.
Tarot Runes I Ching Stichomancy Contact
Store Numerology Coin Flip Yes or No Webmasters
Personal Celebrity Biorhythms Bibliomancy Settings

Today's Stichomancy for Henry Ford

The first excerpt represents the element of Air. It speaks of mental influences and the process of thought, and is drawn from Aeroplanes and Dirigibles of War by Frederick A. Talbot:

In such an arm as this, which is designed essentially for high-angle firing, the sighting and training facilities require to be carried out upon special lines, inasmuch as the objective is necessarily at a considerable altitude above the horizon of the gun. In other words, in firing at a high inclination, distance between the gun and the target cannot be utilised directly for the back sight. On the other hand, it is essential that in proportion as the angle from the horizontal increases, the back sight should be lowered progressively in a manner corresponding to the distance.

To assist the range-finder in his task of sighting it is

The second excerpt represents the element of Fire. It speaks of emotional influences and base passions, and is drawn from Father Damien by Robert Louis Stevenson:

with. In the course of their evangelical calling, they - or too many of them - grew rich. It may be news to you that the houses of missionaries are a cause of mocking on the streets of Honolulu. It will at least be news to you, that when I returned your civil visit, the driver of my cab commented on the size, the taste, and the comfort of your home. It would have been news certainly to myself, had any one told me that afternoon that I should live to drag such a matter into print. But you see, sir, how you degrade better men to your own level; and it is needful that those who are to judge betwixt you and me, betwixt Damien and the devil's advocate, should understated your letter to have been penned in a

The third excerpt represents the element of Water. It speaks of pure spiritual influences and feelings of love, and is drawn from Madam How and Lady Why by Charles Kingsley:

part of the story, if true--they come up unfledged just as they went down, and are moreover blind from having been so long in darkness. After a while, however, folks say their eyes get right, their feathers grow, and they fly away like other birds.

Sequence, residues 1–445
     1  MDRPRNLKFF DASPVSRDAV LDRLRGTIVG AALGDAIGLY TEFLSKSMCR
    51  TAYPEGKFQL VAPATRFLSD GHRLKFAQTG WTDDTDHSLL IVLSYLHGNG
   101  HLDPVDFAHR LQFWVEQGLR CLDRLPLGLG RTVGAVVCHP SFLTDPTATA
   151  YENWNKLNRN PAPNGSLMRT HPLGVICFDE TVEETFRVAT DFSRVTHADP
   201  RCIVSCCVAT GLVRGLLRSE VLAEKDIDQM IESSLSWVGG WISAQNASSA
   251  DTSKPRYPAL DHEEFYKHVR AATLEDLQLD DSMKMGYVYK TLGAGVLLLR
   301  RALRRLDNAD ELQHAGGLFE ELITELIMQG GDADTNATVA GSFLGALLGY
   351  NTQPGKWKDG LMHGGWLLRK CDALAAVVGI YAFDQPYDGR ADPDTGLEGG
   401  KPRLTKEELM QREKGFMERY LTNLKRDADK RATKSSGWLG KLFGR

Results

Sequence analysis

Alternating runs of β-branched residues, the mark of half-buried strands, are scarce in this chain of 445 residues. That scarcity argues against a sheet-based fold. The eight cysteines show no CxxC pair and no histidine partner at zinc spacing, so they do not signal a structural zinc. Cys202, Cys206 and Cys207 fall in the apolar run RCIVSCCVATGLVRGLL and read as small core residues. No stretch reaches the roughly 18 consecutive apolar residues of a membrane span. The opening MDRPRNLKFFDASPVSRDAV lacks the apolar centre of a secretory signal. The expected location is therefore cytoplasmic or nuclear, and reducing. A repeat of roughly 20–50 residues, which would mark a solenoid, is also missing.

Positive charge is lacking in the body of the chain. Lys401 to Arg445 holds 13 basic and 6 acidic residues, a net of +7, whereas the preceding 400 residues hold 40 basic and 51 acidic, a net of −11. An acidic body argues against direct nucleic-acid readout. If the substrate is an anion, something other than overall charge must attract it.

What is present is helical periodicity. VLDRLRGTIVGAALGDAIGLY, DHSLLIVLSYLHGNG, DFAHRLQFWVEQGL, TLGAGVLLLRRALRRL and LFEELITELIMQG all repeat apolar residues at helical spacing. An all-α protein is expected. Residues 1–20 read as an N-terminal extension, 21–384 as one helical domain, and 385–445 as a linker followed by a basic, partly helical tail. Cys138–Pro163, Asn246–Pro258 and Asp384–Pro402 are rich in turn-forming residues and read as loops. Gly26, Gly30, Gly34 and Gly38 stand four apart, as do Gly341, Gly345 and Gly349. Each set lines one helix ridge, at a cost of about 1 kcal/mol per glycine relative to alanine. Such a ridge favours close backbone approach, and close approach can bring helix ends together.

Neither would you be surprised (if you recollect that Madam How is a very old lady indeed, and that some of her work is very old likewise) at that Mammoth Cave in Kentucky, the largest cave in the known world, through which you may walk nearly ten miles on end, and in which a hundred miles of gallery have been explored already, and yet no end found to the cave. In it (the guides will tell you) there are "226 avenues, 47 domes, 8 cataracts, 23 pits,

The fourth excerpt represents the element of Earth. It speaks of physical influences and the impact of the unseen on the visible world, and is drawn from Reminiscences of Tolstoy by Leo Tolstoy:

harder work, especially at your age, when it is one's natural business to be studying. Third, in order to love people and to b. l. b. t.,¹ one must train oneself to gentleness, humility, the art of bearing with disagreeable people and things, the art of behaving to them so as not to offend any one, of being able to choose the least offense. And this is the hardest work of all--work that never ceases from the time you wake till the time you go to sleep, and the most joyful work of all, because day after day you rejoice in your growing success in it, and receive a further reward, unperceived at first, but very joyful after, in being loved by others.